Devin Cherry grew up in Kentucky and attended three different schools over the course of his postsecondary education: the University of Louisville, Murray State University, and University of the Cumberlands. He earned a Bachelor’s of Science in environmental geology from Murray State after transferring from the University of Louisville, and in 2016, he was awarded a Master’s of Arts in teaching from the University of the Cumberlands. He currently teaches ninth grade integrated science and elective science classes (astronomy, meteorology, geology, and “Science Fiction vs. Science Fact”) for 10–12th graders in Henderson, KY.
Q. Growing up, did you always know that you wanted to be a teacher?
No, I never would have imagined being a teacher despite coming from a family of teachers (not my parents, but several of my aunts are/were teachers). I had been told all my life, however, that I was a natural teacher, and [I] have always had a passion for telling others all about science. I think I always had the idea that teaching was a possibility, but never considered it until a few years ago.
Q. What made you decide to start teaching?
I had begun a Master’s in Geographic Information Science at MSU but didn’t enjoy it. After having a little teaching experience in college teaching Geology 101 lab sessions and working with school groups at Fossil Butte National Monument, I decided to research how to get started in a career in teaching. This is now my third year teaching.
Q. How did you choose your college(s)?
I chose MSU due to its small town nature, and that it was close to home. University of the Cumberlands was the cheapest and quickest route to becoming certified in teaching.
Q. What was involved in the process of transferring from UofL to MSU? Did you lose credits in the process or hit any road bumps?
I don’t believe I lost any credits in the process (this was a long time ago!) although I did find out that I didn’t need to take a few classes that I took as prerequisites at UofL when I declared a major at MSU.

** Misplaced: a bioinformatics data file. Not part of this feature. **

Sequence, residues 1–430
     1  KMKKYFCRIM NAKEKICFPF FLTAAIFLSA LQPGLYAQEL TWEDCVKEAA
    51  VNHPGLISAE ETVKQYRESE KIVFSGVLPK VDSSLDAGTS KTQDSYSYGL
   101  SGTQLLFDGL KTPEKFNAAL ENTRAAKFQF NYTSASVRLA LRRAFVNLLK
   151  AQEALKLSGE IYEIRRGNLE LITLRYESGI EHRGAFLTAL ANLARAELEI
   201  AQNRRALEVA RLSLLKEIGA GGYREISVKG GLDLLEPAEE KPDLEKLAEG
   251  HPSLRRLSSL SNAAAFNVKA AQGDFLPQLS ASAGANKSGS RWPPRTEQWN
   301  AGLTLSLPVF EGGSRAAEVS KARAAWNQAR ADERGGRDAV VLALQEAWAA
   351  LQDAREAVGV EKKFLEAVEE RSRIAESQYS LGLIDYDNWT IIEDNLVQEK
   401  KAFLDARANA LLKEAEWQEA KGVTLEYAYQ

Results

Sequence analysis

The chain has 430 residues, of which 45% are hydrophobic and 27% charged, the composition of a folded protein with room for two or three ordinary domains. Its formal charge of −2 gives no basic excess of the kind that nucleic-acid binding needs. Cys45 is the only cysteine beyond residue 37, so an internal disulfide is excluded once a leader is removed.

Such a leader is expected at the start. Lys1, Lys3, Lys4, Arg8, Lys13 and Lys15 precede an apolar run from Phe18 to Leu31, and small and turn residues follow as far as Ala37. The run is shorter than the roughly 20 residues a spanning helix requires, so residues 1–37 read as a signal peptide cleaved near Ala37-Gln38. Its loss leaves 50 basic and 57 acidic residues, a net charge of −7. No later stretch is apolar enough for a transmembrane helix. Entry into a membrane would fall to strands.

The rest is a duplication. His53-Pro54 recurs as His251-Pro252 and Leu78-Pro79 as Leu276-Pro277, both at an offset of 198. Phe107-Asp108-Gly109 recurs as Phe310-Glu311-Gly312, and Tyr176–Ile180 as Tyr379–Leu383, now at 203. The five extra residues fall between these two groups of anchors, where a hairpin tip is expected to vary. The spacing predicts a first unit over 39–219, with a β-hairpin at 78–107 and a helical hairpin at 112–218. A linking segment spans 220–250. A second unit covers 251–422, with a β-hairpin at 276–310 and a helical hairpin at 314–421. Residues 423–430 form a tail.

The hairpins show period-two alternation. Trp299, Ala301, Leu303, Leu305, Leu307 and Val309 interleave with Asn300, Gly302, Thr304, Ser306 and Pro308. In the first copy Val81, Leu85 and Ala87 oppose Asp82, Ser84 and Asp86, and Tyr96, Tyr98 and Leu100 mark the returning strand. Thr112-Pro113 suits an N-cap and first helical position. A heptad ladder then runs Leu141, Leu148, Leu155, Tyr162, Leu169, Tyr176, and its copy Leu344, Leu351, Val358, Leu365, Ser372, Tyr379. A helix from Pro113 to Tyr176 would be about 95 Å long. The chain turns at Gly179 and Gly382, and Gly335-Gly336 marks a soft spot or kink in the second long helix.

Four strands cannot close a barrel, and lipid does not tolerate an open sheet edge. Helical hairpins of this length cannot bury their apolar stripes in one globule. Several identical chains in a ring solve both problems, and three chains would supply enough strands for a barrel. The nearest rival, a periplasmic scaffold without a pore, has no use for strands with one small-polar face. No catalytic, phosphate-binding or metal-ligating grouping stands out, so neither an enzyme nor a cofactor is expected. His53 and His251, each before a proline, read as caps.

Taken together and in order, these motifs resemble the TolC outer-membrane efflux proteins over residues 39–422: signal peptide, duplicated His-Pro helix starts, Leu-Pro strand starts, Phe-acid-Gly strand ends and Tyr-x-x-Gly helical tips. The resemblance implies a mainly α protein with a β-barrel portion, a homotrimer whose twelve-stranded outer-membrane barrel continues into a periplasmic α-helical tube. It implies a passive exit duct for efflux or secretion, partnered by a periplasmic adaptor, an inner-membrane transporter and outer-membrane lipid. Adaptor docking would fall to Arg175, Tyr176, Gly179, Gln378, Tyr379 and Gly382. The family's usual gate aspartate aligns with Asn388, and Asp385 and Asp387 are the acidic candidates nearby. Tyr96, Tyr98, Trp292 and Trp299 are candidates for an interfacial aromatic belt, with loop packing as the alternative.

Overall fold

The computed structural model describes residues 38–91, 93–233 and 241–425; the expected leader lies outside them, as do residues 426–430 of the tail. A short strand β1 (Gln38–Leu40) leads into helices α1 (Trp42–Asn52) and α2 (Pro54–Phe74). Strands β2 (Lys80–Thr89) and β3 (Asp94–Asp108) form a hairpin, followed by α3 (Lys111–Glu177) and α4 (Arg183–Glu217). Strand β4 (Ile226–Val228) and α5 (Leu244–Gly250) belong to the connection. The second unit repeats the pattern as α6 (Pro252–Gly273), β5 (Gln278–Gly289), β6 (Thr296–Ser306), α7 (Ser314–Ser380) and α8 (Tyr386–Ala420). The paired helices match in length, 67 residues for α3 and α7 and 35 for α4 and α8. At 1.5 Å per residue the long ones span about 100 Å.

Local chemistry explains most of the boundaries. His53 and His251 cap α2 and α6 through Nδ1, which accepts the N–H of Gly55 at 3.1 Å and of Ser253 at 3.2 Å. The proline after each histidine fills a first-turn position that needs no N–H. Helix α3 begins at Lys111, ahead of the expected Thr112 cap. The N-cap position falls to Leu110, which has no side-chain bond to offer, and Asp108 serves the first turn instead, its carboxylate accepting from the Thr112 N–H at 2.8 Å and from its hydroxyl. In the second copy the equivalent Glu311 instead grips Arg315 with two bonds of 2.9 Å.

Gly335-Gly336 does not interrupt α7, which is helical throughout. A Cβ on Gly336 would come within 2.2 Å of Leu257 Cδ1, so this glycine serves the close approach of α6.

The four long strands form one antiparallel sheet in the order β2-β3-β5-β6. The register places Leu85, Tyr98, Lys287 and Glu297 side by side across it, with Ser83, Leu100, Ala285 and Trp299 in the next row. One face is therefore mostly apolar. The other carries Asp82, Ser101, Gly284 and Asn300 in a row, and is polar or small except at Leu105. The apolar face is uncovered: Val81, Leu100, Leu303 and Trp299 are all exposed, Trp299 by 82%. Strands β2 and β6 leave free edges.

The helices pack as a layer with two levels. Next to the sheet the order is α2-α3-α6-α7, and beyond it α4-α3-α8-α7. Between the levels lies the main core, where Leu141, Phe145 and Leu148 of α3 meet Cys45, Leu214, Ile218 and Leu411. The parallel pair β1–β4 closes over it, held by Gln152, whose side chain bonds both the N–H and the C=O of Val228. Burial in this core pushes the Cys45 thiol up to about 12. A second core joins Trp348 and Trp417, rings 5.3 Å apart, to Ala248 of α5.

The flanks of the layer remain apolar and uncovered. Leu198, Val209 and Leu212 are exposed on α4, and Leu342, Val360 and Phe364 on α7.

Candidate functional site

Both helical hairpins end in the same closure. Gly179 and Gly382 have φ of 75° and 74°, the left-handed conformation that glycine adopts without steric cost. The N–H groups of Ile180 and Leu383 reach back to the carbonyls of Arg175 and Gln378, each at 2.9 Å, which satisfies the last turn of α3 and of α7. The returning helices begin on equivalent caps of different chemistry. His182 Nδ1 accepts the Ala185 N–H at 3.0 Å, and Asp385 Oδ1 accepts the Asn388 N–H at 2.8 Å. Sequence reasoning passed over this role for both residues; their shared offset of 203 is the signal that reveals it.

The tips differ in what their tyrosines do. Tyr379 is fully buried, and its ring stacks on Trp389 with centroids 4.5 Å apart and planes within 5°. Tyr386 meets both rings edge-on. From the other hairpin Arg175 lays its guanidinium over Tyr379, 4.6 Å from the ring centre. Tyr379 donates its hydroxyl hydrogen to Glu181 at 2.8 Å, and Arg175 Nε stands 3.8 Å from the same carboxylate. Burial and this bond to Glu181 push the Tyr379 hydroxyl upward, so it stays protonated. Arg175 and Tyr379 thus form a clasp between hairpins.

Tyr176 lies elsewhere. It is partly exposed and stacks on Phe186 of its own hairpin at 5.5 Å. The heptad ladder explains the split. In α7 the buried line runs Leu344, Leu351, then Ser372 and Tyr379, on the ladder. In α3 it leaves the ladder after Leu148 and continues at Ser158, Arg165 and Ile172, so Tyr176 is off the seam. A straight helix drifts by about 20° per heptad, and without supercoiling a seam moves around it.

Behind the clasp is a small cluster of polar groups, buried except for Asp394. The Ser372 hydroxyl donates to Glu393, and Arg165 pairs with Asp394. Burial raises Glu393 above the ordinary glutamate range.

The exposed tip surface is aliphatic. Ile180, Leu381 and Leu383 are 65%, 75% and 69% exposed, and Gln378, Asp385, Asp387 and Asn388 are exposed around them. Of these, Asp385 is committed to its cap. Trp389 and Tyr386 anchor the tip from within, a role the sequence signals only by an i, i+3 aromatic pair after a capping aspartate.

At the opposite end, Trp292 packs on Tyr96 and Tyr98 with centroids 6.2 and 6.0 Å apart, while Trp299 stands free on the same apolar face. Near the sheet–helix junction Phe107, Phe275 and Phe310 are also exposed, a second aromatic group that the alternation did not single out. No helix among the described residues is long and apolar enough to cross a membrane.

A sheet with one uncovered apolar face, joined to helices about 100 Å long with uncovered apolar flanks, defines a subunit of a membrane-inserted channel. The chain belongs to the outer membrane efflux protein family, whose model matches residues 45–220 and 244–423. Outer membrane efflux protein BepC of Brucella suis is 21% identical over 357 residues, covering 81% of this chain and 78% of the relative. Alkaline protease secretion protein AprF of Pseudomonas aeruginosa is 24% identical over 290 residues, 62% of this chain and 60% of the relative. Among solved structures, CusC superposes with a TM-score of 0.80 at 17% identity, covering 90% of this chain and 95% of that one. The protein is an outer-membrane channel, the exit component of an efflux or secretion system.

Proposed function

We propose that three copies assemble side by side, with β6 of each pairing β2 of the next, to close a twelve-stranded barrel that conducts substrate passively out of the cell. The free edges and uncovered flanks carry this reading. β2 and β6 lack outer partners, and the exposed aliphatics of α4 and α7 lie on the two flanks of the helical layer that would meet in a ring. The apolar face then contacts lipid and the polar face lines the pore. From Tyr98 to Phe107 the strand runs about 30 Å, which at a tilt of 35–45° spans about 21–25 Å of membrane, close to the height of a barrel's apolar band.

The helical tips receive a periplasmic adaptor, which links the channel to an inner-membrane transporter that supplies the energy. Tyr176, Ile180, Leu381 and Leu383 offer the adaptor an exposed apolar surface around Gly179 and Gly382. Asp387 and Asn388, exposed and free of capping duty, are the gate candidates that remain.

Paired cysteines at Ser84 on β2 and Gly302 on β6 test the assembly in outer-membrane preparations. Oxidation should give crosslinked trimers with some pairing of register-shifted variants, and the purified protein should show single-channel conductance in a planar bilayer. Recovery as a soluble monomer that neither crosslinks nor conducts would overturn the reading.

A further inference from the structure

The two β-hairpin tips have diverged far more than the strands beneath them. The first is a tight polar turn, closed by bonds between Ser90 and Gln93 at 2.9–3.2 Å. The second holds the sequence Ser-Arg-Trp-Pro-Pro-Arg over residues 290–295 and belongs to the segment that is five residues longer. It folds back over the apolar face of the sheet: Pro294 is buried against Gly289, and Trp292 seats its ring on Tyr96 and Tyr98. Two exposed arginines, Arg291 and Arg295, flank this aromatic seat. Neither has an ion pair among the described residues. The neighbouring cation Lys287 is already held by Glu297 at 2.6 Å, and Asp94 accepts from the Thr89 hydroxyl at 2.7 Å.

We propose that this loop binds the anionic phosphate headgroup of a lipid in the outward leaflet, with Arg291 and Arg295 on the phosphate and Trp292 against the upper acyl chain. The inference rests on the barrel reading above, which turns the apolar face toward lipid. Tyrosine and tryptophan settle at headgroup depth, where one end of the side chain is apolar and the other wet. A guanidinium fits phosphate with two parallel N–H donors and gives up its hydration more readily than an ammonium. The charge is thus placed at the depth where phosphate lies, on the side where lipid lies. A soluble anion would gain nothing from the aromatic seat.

Q. You completed an online degree. What was different about that compared to your undergraduate experience?
Online classes [are] very different from brick-and-mortar classrooms. University of the Cumberlands’ format is an online chatroom in which you listen/watch the professor teach via webcam and participate through a texting/chat window. This takes some getting used to, especially when they ask for a response from the entire class and everyone answers at once! The best part of online classes is that for the most part, you can work at your own pace, and you can log into class from anywhere with an internet connection.
Q. You've worked a lot with the National Park Service. How does that supplement your education and your career?
As I mentioned before, with the National Park Service, I worked with many school groups that toured Fossil Butte. I became very adept at informing visitors of all ages and backgrounds about the story of Fossil Butte and the geology/paleontology of the park. This helped me to be able to (to use an education buzzword) differentiate lessons to students of diverse backgrounds with different levels of prior understanding. The National Park Service also allowed me the opportunity to travel, spend extended amounts of time away from Kentucky, and see things from many different perspectives.
Q. What do you hope to do in the future?
The best part of teaching is having the summer off (or at least parts of the summer). I plan on volunteering with the National Park Service every few years, working on projects for Fossil Butte as well as other parks. I hope to stay in the classroom until retirement, and then possibly look for a job with the NPS after retirement!